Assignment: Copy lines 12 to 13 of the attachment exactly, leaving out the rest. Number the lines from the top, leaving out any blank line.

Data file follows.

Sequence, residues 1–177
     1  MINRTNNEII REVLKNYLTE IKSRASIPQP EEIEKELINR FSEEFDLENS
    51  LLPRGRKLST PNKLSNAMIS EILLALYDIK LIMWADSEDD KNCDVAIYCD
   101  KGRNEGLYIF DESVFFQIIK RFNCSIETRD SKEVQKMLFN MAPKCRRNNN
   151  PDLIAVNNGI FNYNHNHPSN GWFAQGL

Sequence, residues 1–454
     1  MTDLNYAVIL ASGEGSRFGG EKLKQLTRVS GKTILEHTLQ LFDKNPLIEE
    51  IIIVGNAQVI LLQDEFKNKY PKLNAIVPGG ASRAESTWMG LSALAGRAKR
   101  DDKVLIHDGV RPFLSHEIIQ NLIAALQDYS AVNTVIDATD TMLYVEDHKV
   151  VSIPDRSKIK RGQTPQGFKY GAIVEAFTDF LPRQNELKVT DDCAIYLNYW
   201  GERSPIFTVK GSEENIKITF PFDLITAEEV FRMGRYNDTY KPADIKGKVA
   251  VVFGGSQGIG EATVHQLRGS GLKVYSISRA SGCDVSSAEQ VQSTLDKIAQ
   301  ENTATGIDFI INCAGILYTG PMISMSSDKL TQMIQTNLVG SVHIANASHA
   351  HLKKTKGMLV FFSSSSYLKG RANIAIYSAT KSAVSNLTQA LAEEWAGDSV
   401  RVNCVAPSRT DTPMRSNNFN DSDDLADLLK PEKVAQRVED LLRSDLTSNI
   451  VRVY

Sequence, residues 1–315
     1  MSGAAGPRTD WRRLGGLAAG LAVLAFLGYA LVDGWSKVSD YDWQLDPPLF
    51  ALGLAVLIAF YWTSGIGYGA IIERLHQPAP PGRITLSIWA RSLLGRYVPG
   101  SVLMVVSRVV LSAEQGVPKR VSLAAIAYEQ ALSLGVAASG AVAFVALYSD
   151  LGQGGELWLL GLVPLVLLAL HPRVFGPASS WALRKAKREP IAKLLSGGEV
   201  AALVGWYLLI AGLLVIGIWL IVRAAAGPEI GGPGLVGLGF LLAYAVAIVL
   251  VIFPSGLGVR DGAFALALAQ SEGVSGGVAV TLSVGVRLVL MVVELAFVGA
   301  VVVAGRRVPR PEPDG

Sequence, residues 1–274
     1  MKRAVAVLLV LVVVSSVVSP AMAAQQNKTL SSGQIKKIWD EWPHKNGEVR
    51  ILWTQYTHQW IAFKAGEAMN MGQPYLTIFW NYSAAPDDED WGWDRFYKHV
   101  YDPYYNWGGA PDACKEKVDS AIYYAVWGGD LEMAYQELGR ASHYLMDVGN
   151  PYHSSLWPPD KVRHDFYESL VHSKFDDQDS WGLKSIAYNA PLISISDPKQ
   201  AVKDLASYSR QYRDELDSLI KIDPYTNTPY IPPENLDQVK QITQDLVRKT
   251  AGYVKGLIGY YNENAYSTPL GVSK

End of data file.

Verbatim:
   251  VVFGGSQGIG EATVHQLRGS GLKVYSISRA SGCDVSSAEQ VQSTLDKIAQ
   301  ENTATGIDFI INCAGILYTG PMISMSSDKL TQMIQTNLVG SVHIANASHA